Plus Ca Change
There’s been a lot of talk about how Obama “swept” the election, and “recolored the electoral map”. It’s true he did well in the electoral college configuration. The electoral college dominates our picture of US elections because, strategically, it’s the only thing that counts. But it’s meaningless as a measure of people’s political values, except as a very dim surrogate of actual vote tallies.
The electoral college system typically has the effect of magnifying small differences, as is the case this time around. How much did Obama really win by? Around 6%. Granted, US presidential races are historically tight; Reagan’s 1980 “landslide” was less than 10%. But before we decide that we’re a changed nation it’s worth considering that out of every 20 voters, 11 chose Obama and 9 chose McCain. That’s very, very close.
As for the “recoloring of the map”, well, not really. True, states which voted for Bush one or both of the last elections went to Obama, but there wasn’t much change in the state-level popular vote either. Here’s Andrew Gelman’s analysis:
In sum: whatever the democrat:republican ratio was for a given state last time is pretty much what it was this time. Except for Hawaii. Go Hawaii!
Mark Newman was up through the night of the 4th cranking out fresh versions of his now-famous linearly-coloured and cartogram maps of the election results.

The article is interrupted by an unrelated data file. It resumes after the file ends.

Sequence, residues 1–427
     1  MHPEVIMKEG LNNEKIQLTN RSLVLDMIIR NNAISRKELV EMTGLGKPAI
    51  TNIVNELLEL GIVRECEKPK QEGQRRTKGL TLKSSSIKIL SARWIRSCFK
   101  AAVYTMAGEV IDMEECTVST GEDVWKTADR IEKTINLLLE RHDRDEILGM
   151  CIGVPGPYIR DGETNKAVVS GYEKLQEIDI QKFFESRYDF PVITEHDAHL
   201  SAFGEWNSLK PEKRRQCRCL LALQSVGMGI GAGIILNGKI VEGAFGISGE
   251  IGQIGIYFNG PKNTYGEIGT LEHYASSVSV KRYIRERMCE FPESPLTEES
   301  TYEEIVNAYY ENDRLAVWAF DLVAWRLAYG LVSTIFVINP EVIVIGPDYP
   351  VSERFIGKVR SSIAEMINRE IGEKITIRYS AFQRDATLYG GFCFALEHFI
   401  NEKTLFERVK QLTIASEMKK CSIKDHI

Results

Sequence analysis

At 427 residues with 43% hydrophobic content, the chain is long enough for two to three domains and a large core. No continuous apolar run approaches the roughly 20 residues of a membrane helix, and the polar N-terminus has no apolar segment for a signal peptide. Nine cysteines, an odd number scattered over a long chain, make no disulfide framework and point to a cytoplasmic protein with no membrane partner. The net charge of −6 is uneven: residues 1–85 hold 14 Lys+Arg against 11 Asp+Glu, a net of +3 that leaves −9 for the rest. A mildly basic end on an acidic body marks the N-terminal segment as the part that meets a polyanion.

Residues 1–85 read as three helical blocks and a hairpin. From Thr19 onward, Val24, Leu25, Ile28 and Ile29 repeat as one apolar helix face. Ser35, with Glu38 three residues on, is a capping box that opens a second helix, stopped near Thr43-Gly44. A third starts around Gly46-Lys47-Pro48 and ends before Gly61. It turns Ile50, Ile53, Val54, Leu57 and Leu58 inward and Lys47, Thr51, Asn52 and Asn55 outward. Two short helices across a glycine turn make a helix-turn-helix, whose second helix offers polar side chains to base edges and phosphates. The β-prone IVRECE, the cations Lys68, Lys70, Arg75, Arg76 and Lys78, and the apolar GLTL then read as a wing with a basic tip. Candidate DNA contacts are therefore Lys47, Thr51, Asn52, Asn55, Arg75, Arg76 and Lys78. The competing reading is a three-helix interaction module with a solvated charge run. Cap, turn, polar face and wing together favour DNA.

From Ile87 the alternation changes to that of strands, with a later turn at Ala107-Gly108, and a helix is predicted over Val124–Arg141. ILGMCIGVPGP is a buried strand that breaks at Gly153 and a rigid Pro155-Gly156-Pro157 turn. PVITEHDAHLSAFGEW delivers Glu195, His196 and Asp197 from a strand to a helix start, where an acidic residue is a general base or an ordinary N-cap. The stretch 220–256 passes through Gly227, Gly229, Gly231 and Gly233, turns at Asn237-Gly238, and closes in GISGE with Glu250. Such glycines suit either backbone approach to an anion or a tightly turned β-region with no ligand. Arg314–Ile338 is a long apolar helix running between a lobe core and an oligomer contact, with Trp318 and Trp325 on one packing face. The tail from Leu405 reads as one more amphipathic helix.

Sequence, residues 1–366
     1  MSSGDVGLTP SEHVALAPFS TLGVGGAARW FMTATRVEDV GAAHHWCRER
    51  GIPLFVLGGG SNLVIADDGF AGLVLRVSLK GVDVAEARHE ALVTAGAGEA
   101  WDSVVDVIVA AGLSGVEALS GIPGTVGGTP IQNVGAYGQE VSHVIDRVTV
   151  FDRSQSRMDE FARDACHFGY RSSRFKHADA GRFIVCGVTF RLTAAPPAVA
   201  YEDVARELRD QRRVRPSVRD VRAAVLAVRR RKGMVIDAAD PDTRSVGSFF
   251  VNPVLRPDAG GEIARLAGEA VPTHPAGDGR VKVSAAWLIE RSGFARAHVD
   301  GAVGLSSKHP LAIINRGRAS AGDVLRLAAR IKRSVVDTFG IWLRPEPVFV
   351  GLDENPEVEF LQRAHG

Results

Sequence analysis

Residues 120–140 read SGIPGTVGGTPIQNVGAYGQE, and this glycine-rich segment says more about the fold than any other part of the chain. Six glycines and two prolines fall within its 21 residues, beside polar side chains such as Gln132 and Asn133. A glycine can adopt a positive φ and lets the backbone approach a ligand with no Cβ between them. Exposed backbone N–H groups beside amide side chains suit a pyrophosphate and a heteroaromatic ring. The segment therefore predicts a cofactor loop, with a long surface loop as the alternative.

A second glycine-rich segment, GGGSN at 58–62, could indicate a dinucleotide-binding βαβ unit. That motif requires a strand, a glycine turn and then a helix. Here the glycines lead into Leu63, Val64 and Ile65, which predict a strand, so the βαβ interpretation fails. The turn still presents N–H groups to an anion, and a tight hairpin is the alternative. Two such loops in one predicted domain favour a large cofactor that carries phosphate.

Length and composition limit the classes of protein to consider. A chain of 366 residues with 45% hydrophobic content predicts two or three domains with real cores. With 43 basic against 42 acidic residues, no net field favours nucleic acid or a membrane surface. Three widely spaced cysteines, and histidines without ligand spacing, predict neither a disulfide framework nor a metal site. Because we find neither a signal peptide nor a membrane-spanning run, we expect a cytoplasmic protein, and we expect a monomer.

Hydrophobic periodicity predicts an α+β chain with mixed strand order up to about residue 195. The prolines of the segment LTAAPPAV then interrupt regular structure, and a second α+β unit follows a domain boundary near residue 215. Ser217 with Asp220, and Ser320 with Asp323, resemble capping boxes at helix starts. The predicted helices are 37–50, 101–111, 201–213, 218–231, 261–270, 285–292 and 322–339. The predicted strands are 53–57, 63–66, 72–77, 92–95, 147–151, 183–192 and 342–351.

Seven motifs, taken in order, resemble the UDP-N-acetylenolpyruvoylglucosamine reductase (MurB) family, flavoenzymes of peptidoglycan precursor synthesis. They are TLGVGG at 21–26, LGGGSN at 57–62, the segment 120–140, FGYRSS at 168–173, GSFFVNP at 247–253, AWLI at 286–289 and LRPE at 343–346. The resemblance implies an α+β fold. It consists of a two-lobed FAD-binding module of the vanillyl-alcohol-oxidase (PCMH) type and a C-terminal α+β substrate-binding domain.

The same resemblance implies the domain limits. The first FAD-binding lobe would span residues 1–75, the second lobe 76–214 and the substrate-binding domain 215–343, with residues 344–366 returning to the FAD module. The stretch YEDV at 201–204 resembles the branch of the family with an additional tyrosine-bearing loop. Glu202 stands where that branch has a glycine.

The full-on cartograms are confusing, so let’s look just at the shades-of-purple maps. Here’s what the election looked like (by county) two days ago:
and 4 years and a billion dollars in campaigning ago:
He’s removed outlines from his polygons, for which I give him 2 extra marks on his map. But otherwise the differences are subtle.
I don’t mean to be a buzzkill, and if you read more of Andrew Gelman’s stuff it looks like there really were some interesting demographic shifts. But Obama got on to some pretty lofty rhetoric there, and some of dialogue around his possible presidency and what it meant for America got pretty loft in response. We’re still in the same country here.
It’s also worth noting that despite promising transformative change for the better, Obama’s presidency is likely to be more about navigating bad change (pending world-wide recession), pre-empting future bad change (global climate, uh, change) and cleaning up bad change from administrations past. And he’ll have to do it with reduced resources and reduced international trust. Which is one of the reasons I’m glad that the subtle shifts in political values the country has gone through tipped things the way they did. I suspect Obama may be just about the right guy for the careful, gentle, disciplined, undramatic presidency his bombastic campaign poetry signed him up for.